China aims for “world-class city cluster” in the south

On Monday (February 18) the Chinese government unveiled its blueprint for a “world-class city cluster” in the southern province of Guangdong and the adjoining Special Administrative Regions (SARs) of Macao and Hong Kong.

This was the Outline Development Plan for the Guangdong-Hong Kong-Macao Greater Bay Area (GBA), that was under preparation for more than two years.

“By 2022, the framework should essentially be formed for an international first-class bay area and world-class city clusters that is vibrant and highly innovative, with an optimized industrial structure, a smooth flow of various factors and a pleasant ecological environment,” the plan said.

“China aims to build a globally competitive modern industrial system for the GBA. Efforts will be made to expedite the development of the advanced manufacturing industry, nurture and strengthen strategic emerging industries, expedite the development of modern service industries and vigorously develop the marine economy … China aims to develop a quality living circle for living, working and travelling in the GBA,” it said.

“Measures should be taken to enhance the international competitiveness of the Pearl River Delta port cluster, develop a world-class airport cluster, ensure the smooth flow of comprehensive external transport links, build a rapid transport network in the GBA and raise the standards of passenger and cargo transport services,” it said.

The GBA plan set out a timetable to build the framework for the bay area and city cluster by 2022. The next milestone will be 2035, when markets within the bay area will be highly connected.

The GBA consists of the two SARs and nine cities in Guangdong – Guangzhou, Shenzhen, Foshan, Dongguan, Zhaoqing, Jiangmen, Zhongshan, Zhuhai and Huizhou. Its GDP in 2017 was US$1.5 trillion. It is the most developed area of China, with the highest levels of foreign investment and per capital incomes. Morgan Stanley Asia estimates that, by 2030, its economic output will double to between US$3.2 trillion and US$4.1 trillion, surpassing the GDP of Britain.

Beijing wants the GBA to become an international collection of cities that can equal Greater Tokyo, Greater New York and Silicon Valley, in terms of manufacturing, economy and technological prowess.

The plan designates Hong Kong, Macao, Shenzhen and Guangzhou as the four “key cities” and “core engines for regional development”.

The plan promises to “consolidate and enhance Hong Kong’s status as an international financial, transportation and trade centre, as well as an international aviation hub.” Macao will be a tourism hub and platform for trade with Portuguese-speaking countries.

Guangzhou will take a leading role as a provincial capital and national central city. Shenzhen’s role will be a special economic zone and home of China’s innovation and technology giants.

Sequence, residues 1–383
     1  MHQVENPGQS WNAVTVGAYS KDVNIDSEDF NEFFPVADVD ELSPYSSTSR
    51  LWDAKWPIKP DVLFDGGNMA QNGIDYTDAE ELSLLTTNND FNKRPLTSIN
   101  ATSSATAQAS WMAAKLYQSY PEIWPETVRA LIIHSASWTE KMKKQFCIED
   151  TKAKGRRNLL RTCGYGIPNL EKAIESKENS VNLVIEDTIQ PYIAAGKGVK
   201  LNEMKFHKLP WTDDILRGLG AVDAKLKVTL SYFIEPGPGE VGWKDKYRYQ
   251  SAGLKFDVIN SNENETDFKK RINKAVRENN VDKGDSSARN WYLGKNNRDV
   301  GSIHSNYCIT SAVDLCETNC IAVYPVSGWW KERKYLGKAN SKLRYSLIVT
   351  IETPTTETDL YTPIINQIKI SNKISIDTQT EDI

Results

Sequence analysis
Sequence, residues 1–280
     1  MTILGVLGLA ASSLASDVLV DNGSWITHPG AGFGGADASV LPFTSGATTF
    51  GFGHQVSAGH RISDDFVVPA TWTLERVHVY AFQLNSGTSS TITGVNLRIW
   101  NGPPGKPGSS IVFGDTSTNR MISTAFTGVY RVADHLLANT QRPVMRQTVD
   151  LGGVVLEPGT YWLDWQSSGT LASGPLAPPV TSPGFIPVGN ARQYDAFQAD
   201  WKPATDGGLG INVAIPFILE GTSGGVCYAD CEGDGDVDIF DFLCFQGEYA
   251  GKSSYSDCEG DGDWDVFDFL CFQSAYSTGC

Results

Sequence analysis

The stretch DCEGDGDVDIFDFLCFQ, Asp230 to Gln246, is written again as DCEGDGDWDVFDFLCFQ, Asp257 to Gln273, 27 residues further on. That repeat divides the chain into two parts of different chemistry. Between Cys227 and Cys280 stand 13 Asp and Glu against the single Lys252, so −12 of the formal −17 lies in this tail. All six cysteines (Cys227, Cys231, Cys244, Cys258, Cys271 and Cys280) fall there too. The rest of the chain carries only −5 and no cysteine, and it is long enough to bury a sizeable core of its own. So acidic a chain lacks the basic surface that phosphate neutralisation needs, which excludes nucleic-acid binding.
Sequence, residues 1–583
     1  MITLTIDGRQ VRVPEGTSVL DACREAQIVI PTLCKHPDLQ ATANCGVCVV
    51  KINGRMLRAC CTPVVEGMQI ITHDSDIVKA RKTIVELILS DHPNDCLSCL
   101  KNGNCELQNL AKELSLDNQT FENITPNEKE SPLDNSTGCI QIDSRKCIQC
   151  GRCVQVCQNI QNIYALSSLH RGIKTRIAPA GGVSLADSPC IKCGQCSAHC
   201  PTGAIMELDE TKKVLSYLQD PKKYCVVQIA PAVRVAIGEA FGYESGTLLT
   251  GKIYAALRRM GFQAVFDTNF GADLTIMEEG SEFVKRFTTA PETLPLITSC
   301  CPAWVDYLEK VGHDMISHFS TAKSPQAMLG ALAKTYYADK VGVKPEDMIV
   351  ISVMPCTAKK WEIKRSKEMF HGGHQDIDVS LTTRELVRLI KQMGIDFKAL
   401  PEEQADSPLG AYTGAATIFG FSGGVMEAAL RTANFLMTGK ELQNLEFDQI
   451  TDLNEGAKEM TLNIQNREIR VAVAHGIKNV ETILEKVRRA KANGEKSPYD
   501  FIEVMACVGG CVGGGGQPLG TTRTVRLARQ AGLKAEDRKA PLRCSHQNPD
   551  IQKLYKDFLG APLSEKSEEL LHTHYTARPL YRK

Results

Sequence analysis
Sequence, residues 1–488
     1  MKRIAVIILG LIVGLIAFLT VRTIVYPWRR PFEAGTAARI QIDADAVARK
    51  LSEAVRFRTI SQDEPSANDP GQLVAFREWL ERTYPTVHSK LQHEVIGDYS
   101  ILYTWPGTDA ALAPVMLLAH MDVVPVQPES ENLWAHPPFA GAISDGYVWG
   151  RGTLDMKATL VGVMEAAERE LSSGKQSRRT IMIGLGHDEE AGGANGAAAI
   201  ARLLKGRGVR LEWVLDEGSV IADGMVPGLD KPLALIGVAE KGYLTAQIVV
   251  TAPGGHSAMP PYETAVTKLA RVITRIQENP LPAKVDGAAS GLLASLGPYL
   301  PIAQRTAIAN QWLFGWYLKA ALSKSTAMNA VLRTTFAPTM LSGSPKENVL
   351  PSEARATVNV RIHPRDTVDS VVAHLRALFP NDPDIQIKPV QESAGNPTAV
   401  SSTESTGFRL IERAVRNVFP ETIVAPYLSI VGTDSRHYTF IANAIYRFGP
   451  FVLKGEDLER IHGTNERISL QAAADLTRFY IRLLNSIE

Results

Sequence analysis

Carrie Lam, Chief Executive of Hong Kong, said that the plan would expand the space for living and development of Hong Kong residents.

“As a highly open and international city, Hong Kong can extend its international connections and experiences to the mainland and help bring in foreign investments. Hong Kong can also join hands with mainland enterprises to develop overseas markets and explore development opportunities,” she said.

The Macau government said it will spare no effort to implement initiatives explained in the Outline Development Plan for the Guangdong-Hong Kong-Macao Greater Bay Area, following the blueprint’s official publication by the Central Government.

“Complementary and coordinated partnership with other Greater Bay Area cities would create a more favourable environment for Macao in realising its goal of adequate economic diversification.” the government said.

But several uncertainties hang over these ambitious plans. One is the future of Sino-U.S. relations. Bilateral talks on resolving issues like the U.S.’ enormous deficit, forced transfer of technology and protection of intellectual property are not going smoothly. The U.S. government may impose higher import tariffs on Chinese imports.

Chinese technology giants like Huawei Technologies and ZTE Corporation, both based in Shenzhen, remain heavily dependent on components imported from U.S. companies, If the U.S. government chose to limit or ban such imports, the firms would be severely affected.

Another obstacle is the fact that the GBA is unlike Greater Tokyo, Paris or New York. In these three, citizens can move freely from one part to another. Mainland citizens cannot move without restriction to Hong Kong and Macao; they require a visa.

The legal, administrative and social systems in the mainland and the two SARs are different. Many Hong Kong people are ready to work in the mainland but do not wish to settle there. They prefer the legal system, medical services and way of life in Hong Kong.

A third problem is that of competition. The GBA has four international airports – Guangzhou, Shenzhen, Hong Kong and Macao. They compete fiercely for business, both cargo and passenger. The 11 cities are also competing for investment from domestic and foreign companies.

The GBA plan aims to make the cities work together for mutual benefit. But this is often easier said than done. Cities put their own interests above that of the region.

For example, at the end of January, the mayor of Zhuhai announced a plan to build a 46.5-kilometre bridge across the Pearl River to Shenzhen, with a road and rail link. If this happened, it would severely affect traffic on the new Hong Kong-Zhuhai-Macao bridge that opened in October 2018, at a cost of more than US$17 billion. (CLBrief)

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